I told you so...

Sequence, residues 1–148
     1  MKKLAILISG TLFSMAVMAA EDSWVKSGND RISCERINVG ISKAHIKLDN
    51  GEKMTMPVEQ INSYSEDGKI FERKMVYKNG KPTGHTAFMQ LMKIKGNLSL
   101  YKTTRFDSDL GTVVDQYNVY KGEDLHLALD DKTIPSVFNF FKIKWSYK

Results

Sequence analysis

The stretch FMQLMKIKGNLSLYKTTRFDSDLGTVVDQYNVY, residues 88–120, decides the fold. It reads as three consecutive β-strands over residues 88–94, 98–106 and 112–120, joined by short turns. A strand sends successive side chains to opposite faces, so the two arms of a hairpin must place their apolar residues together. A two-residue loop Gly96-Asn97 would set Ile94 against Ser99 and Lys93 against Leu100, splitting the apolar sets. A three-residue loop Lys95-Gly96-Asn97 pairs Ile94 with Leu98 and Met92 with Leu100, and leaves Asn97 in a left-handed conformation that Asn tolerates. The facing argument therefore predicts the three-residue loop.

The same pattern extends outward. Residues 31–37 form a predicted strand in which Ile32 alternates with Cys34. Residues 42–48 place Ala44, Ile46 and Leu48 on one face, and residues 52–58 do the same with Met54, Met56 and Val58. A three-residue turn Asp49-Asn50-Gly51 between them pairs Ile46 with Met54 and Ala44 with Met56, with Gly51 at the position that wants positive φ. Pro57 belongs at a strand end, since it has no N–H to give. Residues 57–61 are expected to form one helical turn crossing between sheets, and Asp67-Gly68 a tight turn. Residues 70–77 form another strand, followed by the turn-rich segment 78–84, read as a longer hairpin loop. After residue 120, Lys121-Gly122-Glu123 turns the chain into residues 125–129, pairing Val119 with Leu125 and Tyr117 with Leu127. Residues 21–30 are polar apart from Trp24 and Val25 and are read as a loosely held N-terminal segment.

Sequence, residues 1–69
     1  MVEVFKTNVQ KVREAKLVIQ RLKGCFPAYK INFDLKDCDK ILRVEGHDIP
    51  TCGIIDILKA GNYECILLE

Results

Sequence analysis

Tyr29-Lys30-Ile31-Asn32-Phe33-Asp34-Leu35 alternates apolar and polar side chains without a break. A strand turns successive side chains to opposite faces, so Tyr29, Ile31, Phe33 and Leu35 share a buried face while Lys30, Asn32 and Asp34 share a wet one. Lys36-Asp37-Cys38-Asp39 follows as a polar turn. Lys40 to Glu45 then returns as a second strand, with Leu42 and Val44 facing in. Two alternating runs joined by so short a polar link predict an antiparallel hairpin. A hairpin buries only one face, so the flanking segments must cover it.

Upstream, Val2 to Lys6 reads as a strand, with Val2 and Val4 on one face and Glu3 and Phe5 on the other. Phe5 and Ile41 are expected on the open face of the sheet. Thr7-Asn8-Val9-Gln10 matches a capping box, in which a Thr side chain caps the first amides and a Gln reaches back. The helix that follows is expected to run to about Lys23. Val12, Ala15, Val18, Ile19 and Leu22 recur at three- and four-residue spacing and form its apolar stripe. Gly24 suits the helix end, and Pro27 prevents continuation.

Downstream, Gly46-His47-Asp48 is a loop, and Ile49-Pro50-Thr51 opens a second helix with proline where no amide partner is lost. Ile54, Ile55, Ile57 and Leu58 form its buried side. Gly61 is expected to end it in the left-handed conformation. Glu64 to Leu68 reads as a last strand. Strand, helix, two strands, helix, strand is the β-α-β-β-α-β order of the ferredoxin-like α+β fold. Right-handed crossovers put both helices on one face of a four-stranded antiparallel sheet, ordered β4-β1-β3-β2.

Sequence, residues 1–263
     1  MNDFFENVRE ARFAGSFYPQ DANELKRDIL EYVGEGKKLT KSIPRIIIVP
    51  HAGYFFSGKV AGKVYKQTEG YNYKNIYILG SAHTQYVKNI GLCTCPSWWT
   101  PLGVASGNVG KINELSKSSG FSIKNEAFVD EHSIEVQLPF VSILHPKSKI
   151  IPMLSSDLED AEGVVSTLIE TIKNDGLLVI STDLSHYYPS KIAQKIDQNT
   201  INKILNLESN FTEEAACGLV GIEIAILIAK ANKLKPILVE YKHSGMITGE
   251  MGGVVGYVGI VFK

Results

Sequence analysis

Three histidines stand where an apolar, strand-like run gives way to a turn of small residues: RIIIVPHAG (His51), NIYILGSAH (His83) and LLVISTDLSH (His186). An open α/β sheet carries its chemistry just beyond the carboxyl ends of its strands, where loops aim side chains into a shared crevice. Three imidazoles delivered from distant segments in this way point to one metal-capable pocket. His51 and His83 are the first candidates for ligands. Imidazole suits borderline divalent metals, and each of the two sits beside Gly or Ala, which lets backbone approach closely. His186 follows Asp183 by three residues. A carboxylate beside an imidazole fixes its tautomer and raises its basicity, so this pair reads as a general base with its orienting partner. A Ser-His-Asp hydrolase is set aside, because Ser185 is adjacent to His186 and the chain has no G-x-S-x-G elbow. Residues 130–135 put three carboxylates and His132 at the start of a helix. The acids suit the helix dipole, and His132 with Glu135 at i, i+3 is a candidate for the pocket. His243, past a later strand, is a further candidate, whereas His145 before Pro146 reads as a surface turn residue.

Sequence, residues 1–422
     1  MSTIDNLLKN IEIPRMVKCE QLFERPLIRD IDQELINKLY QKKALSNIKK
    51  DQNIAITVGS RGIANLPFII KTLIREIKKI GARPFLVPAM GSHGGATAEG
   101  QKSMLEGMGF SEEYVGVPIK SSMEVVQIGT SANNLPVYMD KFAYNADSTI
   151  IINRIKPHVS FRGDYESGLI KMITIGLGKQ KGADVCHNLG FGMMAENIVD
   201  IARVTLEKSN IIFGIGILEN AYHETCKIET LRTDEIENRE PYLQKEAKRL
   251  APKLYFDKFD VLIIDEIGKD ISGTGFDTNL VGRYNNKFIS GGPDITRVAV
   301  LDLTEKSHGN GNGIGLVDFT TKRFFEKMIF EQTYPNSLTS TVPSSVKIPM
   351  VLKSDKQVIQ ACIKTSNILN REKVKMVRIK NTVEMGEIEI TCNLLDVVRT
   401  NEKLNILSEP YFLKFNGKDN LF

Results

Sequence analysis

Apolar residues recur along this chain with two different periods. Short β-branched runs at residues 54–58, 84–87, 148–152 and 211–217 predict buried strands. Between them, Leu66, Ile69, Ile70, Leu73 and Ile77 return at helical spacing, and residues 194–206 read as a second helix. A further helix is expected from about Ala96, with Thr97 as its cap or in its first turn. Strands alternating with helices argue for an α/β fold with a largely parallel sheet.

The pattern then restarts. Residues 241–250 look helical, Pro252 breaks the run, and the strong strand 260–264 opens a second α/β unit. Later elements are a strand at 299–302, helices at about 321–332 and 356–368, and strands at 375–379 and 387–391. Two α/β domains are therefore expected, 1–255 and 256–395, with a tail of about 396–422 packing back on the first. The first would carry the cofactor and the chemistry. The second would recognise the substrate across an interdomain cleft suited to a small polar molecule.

Suppose I called you up tonight, and told you that everything you do online...everything you put on FaceBook or any other web site...is just used to invade your privacy. Would you care? In 1998 I went to an Internet conference called ISPCon with Peter Coroneos, who runs the Australian Internet Industry Association.  Peter was aghast that he had to give up so much personal information just to enter a TRADE SHOW.  He asked how it was that Americans were so ready to trade the most intimate details of their lives just to make a simple transaction like buying a ticket for a show or to ride a train.  I didn't have an answer then, but I do now. I refuse.  I have dropped out of FaceBook, don't Twitter or Tweet, and refuse to give real information to any web site.  And I wipe my cookies and tracker caches every single night.  Because I do not want to let advertisers know who I am, where I am or what I am thinking about. That may seem extreme, but you should consider it as well.  I'm a pretty stable guy, not a privacy lunatic by any means, but I am scared.  If you are not scared about this as well, consider a recent study by the Wall Street Journal (found at http://online.wsj.com/article/SB10001424052748703977004575393173432219064.html?mod=WSJ_hpp_MIDDLETopStories).  The crux is that the most popular sites on the Internet put HUNDREDS of tracking devices on your computer when you access them, so they can gather and sell your most personal data to companies that in turn sell them to anyone with the cash to buy the data. Here's an excerpt of the report: "In an effort to quantify the reach and sophistication of the tracking industry, the Journal examined the 50 most popular websites in the U.S. to measure the quantity and capabilities of the "cookies," "beacons" and other trackers installed on a visitor's computer by each site. Together, the 50 sites account for roughly 40% of U.S. page-views.   It's rarely a coincidence when you see Web ads for products that match your interests. WSJ's Christina Tsuei explains how advertisers use cookies to track your online habits.  The 50 sites installed a total of 3,180 tracking files on a test computer used to conduct the study. Only one site, the encyclopedia Wikipedia.org, installed none. Twelve sites, including IAC/InterActive Corp.'s Dictionary.com, Comcast Corp.'s Comcast.net and Microsoft Corp.'s MSN.com, installed more than 100 tracking tools apiece in the course of the Journal's test.  Some two-thirds of the tracking tools installed—2,224—came from 131 companies that, for the most part, are in the business of following Internet users to create rich databases of consumer profiles that can be sold. The companies that placed the most such tools were Google Inc., Microsoft. and Quantcast Corp., all of which are in the business of targeting ads at people online." Scared yet?  Sigh! In 1995, when I interviewed the president of Privacy International, I frantkly though he was a bit of a nut case.  Surely, giving up your name, address and telephone number -- information available for free in any phone book -- could not be that bad a deal.  I have learned better in the 15 years since, and now do everything I can to keep the real information out of the hands of the marketers.  And if you think I am getting just old and weird, you can join my grandchildren in thinking of me as a relic of the old days. But if you care about your future, you may just want to take some precautions.  Keep the landline to your home, but never answer it or listen to the messages.  Give phony information whenever you can.  Old email addresses, fake addresses, different descriptions of you.  Refuse to respond to spam.  Refuse to give out information to companies you do not know.  Refuse to do business with companies that want all of your personal data. I know, I know.  Sounds strange and crazy and paranoid.  And I am not that.  But increasingly, as the watchdogs of privacy sound the warning, I think to myself..."Cant be all that bad to protect my personal information, even if it means giving up my place on Farmville or Twitter."  Maybe even wise, until we see how things shake out. And if you have some personal perspectives on this, I would love to hear them.

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